I’m sure Blagojevich’s attorneys will file a motion to appeal the verdicts, but I believe the convictions will stand.

Justice has finally been served in this case.

President Obama has decided not to release photographs of a dead Osama bin Laden. Here are his comments about the subject, told to “60 Minutes” correspondent Steve Kroft:

“The risks of release outweigh the benefits,” Obama said. “Conspiracy theorists around the world will just claim the photos are doctored anyway, and there is a real risk that releasing the photos will only serve to inflame public opinion in the Middle East.

“Imagine how the American people would react if al-Qaida killed one of our troops or military leaders, and put photos of the body on the Internet,” he continued. “Osama bin Laden is not a trophy — he is dead and let’s now focus on continuing the fight until al-Qaida has been eliminated.”

I completely agree with Obama’s reasoning. Here’s what I tweeted about his decision before I read his comments:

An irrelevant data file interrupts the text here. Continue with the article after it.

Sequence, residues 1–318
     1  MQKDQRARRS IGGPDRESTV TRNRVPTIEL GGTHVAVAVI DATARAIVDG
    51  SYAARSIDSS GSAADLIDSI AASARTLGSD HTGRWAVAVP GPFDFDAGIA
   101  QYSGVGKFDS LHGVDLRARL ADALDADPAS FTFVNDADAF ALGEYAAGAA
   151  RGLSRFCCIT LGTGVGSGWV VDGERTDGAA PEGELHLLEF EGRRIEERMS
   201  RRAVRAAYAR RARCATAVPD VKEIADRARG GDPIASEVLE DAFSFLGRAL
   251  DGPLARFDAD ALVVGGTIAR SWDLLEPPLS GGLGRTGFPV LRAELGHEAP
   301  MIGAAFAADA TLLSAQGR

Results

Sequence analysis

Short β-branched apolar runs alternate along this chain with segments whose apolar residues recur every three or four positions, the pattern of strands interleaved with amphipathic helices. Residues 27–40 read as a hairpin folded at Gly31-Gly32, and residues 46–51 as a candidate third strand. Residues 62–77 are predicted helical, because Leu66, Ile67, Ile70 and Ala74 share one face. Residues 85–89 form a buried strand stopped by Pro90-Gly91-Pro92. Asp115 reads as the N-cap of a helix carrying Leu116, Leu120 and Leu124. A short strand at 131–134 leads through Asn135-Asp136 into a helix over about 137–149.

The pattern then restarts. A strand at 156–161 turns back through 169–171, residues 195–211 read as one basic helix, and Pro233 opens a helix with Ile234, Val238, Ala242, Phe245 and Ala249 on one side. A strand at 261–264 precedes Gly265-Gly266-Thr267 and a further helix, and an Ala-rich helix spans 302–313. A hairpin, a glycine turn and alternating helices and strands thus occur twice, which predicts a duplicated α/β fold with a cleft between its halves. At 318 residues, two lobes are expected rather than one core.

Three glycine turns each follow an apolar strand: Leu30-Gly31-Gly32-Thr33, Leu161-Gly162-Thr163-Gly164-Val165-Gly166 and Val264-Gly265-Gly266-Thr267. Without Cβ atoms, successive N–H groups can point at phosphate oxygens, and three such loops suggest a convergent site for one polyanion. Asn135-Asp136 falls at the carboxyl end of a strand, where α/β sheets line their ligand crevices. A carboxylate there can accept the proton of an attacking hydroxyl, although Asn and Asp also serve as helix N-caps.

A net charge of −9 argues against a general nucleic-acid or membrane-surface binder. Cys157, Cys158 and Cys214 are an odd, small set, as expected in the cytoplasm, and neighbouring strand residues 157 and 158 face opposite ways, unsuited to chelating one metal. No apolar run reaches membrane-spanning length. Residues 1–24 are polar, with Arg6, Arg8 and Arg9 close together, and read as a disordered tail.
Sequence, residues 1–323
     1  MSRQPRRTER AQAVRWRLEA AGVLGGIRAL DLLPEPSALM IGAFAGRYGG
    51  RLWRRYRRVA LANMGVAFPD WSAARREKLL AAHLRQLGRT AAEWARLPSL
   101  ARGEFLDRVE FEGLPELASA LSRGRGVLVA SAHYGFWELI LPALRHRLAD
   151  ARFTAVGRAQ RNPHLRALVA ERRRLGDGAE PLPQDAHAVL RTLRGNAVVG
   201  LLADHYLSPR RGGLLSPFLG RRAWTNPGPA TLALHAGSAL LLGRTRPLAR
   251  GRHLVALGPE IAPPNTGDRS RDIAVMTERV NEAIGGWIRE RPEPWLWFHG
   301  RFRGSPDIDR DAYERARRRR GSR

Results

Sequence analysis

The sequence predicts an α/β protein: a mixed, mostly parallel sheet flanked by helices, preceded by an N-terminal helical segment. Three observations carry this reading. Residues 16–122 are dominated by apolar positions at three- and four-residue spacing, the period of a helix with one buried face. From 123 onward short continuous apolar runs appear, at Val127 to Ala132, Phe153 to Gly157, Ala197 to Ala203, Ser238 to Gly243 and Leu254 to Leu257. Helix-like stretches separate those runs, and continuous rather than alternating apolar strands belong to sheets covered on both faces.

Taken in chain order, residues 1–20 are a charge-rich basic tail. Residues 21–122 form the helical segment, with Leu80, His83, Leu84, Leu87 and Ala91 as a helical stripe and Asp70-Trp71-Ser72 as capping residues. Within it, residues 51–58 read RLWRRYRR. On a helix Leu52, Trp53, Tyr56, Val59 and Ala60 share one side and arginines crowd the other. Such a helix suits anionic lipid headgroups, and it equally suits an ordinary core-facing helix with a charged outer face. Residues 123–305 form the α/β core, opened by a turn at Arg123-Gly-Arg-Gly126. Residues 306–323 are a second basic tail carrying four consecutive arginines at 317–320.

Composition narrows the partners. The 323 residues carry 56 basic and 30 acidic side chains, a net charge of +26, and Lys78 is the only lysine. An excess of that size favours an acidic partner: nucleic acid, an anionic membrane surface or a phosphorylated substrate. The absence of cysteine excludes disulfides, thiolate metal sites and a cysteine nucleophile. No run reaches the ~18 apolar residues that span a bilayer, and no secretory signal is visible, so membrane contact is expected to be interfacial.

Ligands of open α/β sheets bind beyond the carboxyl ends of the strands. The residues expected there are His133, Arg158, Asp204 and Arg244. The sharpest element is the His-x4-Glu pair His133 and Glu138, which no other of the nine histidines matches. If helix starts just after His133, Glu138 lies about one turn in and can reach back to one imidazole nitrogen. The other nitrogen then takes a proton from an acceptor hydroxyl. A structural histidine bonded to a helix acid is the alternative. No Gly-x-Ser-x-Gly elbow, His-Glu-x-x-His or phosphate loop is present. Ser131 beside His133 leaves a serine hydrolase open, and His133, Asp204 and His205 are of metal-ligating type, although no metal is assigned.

“I think that’s the right decision. No need to risk upsetting the wrong people (potential terrorists) just to satisfy conspiracy theorists.”

and

“Besides, would conspiracy theorists really be silenced if photo released? They probably would claim it’s doctored.”

Obama’s comments about not releasing post-mortem images of bin Laden will air today on “CBS Evening News.” The full interview will air Sunday on “60 Minutes.”

Oh, what a night! Osama bin Laden is dead!

I’m not going to spend a lot of time typing this post because, frankly, I want to concentrate on watching news coverage of the al-Qaida leader’s death. But I’d like to point out that the news broke and spread quickly on Twitter, before the television anchors told us (particularly CNN’s Wolf Blitzer, who metaphorically seemed to be the last person to arrive at the party). Yesterday I wrote about the news value of Twitter and its varied acceptance level by print reporters (you can read that post by clicking here), and the way so many people learned about bin Laden’s death is a perfect example of why all reporters should be on board with the use of social media.